The large farmhouse on the other side of Infirmary Road north of the Ainsley House belonged to the Keesling family, whose patriarch settled in the Campbell area shortly after S.A. Moulton. The house survived until the property was sold for commercial development circa 1980.
Moulton & Dougherty Spurs, 1996 Video
In 1996, when Santa Clara Valley Transportation Authority was considering extending its light rail system along the Vasona Branch, Germany's Siemens-Duewag demonstrated its Regio Sprinter, a diesel-powered railcar alternative to electrification, on the Vasona Branch from Campbell to the San Jose Caltrain station (ex-SPC "Narrow Gauge Depot". During the run, a front-facing camera in the engineer's cab recorded the right-of-way, a video now on YouTube. At 9' 30', the movement enters the Moulton Spur Site, and at 13' 30" a chain link fence surrounding the Del Mar "Bowl", Dougherty's first clay pit, becomes visible, followed by the housing that occupies the old brick plant site and operation's second pit. The viewer will note a jog in the tracks at the beginning of Moulton, a re-alignment of uncertain date (possibly as late as the aftermath of the winter storms of 1955-56) caused by Los Gatos Creek's continual undermining of the bluff, a legacy of San Jose Brick Company's 19th Century operations. The Regio Sprinter failed to sell in America, and barely sold in Europe. It also undertook a demonstration run on Caltrain, where this writer toured it with some amusement over its inadequacy for its proposed use .
At right is how the area looked on Google Maps in March, 2015. Back about 1960, or so, a new drive-in - featuring intercom ordering from both parking stalls and indoor booths - was erected where Hooters stands today. It was a novelty that my family patronized only once, finding the hamburgers to be more expensive than the pricey 29 cent burgers at nearby Rileys, on the southwest corner of Hamilton and Bascom, this at a time when McDonalds burgers went for 12 cents. In the Fifties, Rileys was not a pleasant place during the winter weather, when the southwest wind of an approaching storm would waft-in from the Campbell Municipal dump, situated next to the creek a few hundred feet away. Fung Lum, a Chinese resteraunt with a very expensive menu, was erected on fill directly atop the dump in the late 60's. It is gone too.
Recalling the Tramps Are Welcome Here sign on Moulton's packing house that got him in dutch with his neighbors, it was a bit uncanny that, when I appeared at Moulton Spur in March 2015 to take the photos at below right, the police were busily engaged in evicting people from an encampment under the Bascom Avenue Los Gatos Creek bridge that would have been called a hobo jungle in the old days.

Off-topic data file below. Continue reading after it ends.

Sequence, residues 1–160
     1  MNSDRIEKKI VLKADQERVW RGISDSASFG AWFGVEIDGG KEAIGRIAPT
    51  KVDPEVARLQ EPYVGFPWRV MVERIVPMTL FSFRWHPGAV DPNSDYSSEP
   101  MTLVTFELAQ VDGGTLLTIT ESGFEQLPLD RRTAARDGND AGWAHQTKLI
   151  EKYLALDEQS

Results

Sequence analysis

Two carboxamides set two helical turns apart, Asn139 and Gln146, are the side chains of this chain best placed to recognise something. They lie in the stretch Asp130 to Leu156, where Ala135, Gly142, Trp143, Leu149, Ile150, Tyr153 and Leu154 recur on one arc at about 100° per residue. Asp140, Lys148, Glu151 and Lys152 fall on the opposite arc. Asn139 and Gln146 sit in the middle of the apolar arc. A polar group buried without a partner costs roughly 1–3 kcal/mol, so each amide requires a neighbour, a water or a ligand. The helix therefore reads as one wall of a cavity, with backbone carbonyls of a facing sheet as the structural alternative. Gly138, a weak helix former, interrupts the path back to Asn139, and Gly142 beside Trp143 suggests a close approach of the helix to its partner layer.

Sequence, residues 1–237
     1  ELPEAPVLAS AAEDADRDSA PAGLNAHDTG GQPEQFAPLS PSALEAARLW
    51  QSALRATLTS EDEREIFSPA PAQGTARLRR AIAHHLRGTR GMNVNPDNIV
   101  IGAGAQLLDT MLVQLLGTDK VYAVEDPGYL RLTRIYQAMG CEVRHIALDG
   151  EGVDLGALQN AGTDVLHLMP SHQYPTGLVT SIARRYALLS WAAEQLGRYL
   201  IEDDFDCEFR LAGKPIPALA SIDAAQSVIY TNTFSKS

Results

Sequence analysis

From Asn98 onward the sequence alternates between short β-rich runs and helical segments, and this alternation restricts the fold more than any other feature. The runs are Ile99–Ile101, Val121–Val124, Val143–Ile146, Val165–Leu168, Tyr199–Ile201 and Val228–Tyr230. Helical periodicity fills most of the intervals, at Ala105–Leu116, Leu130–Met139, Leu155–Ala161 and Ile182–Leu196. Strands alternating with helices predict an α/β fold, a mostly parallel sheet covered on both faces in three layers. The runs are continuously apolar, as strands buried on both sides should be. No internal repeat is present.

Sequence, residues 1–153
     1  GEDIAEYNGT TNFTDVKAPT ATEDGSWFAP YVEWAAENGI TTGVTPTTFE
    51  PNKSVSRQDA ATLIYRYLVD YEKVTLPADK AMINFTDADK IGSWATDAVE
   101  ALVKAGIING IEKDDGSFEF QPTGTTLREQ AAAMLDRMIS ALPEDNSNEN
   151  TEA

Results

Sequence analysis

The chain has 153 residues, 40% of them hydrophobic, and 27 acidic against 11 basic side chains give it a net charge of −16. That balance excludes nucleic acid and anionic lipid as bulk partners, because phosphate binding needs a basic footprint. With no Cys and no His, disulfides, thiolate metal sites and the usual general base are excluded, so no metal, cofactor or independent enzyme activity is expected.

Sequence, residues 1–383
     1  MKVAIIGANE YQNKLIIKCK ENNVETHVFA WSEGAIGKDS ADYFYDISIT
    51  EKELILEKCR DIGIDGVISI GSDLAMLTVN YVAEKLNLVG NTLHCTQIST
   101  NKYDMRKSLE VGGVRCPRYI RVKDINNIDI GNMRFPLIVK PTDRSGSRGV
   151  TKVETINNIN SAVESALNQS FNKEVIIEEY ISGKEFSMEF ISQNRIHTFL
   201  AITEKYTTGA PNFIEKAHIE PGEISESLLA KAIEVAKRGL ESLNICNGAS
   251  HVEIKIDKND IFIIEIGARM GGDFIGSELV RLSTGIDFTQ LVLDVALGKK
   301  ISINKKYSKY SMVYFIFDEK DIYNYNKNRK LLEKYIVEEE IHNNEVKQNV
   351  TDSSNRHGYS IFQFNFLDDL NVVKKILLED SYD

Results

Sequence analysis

The closest photo looks directly down the VTA light rail alignment, with the Union Pacific's ex-SP/SPC Vasona Branch on the left. The Moulton Spur switch would have been in the vicinity of the nearest trolley pole, and the spur itself would have hugged the branch a little more closely than VTA. In the distance, note the trolley headed up the steep incline leading to its crossing of Hamilton Avenue, and also the water tower that squarely marks downtown Campbell, one mile away. The tower went up in 1928, owned by the Campbell Water Company founded in 1892 by Benjamin Campbell, Stillman Moses and other local luminaries.
To the left of the Vasona line is a chain link fence atop a retaining wall erected to shore-up the bank so that the railroad right-of-way could be straightened, making it wide enough to accomodate VTA.
The retaining wall is seen at far right in a photo looking west from Bascomb on the far side of creek. The bucolic feel to the place is a late phenomenon of the current drouth. Normally the brush and saplings would have been washed away in infancy each year by winter freshets.
As of 2015, the Lehigh Permanente quarry and cement plant above Cupertino is scheduled to operate for another two decades, or so, facilitated by a settlement early in the year with the Environmental Protection Agency and others over long-ongoing pollution issues. Lehigh is the last of dozens of freight customers on the branch, thus its eventual closure will bring an end to the passage of freight cars that began a decade before Stillman Augustus Moulton set up shop at his spur.